I have four children (ages 37, 36, 13 and 11), two girls and two boys. I had my first two children 11 months apart, the first a year after I married at 16.
I left home in a desperate attempt to escape a raging alcoholic father who was abusive in every way imaginable, and a mother who was too immobilized by fear and insecurity to do anything about it.
As a young wife and mother, I was plagued with haunting flashbacks, nightmares, anxiety, depression and more. I was later diagnosed with post-traumatic stress disorder because of the extensive childhood abuse I endured.
“‘I tried to self-medicate with alcohol, other men, and occasionally narcotics at night when their father was caring for my children.’”
I’ve never had any other mental-health diagnosis, but I admit that in the five years that followed the exit from my parents’ home I tried to self-medicate with alcohol, other men, and occasionally narcotics at night when my children’s father was caring for them.
The spiral of my life hit rock bottom when, at 19, I had gotten divorced, willingly left my two children with their father and attempted suicide multiple times, and was sitting in a jail cell for writing bad checks.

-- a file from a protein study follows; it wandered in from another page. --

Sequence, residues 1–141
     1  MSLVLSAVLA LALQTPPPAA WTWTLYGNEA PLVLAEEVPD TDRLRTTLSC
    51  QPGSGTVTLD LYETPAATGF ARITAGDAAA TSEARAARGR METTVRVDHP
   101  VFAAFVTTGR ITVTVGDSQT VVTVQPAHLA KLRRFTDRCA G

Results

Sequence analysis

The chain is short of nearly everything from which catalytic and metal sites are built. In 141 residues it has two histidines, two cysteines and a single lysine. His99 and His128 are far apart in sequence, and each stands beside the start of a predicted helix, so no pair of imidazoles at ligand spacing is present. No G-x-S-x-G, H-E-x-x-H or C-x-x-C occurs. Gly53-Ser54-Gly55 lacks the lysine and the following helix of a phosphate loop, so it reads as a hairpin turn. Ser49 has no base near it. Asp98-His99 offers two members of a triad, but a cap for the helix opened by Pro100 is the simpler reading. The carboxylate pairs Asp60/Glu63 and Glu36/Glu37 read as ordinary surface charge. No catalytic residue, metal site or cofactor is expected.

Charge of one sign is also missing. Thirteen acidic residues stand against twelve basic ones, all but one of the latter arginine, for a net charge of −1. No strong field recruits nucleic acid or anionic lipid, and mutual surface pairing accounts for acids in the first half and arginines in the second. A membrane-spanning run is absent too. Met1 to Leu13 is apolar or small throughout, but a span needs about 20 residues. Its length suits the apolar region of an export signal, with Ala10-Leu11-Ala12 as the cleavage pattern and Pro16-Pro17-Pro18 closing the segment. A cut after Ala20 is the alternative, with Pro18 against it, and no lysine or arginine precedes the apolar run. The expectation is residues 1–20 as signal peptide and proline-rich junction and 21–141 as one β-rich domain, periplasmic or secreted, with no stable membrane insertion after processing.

Fate stepped in at that time, and through a series of extraordinary events. I was able to get the long-needed counseling I needed, graduate high school and college (first one in my family to ever go), reconcile with my children, and become a successful businesswoman.
Part of my healing has involved taking ownership of my own decisions and how they’ve affected others, and making amends. None has been more important to me than with my children.
“‘I’ve gone out of my way to be honest and transparent about my behavior without blaming, minimizing or justifying it.’”
I’ve gone out of my way to be honest and transparent about my behavior without blaming, minimizing or justifying it. In addition, I’ve lived a life that has been consistent with my words since that time. My children came and lived with me and I provided them with a stable, loving home. My son, who is the younger of the two oldest, forgave me and we have a very close relationship.
My daughter, however, is very religious and looks down on me because of not only the things I took responsibility for doing as a teen, but for a number of things her father claimed I did that never happened. In fact, sharing her faith, he has been an ever-present voice in my children’s ears condemning me to hell, calling me all sorts of horrific names, and repeatedly telling them I can’t be trusted because of that time.
My son decided long ago to shut him down by telling him who and what he was describing did not reconcile with the mother he knows and loves. My daughter, on the other hand, has never wanted a relationship with me and has been very cruel.
While being kind to me to my face, she’s repeatedly told others she only wants money and material items from me. She has told anyone who will listen about my sins as a teenager, parroted the lies her father has invented, and told her brother the only thing she wants from me is my jewelry when I die. When I asked her about saying these things she admitted to saying them and said, “People have a right to know.”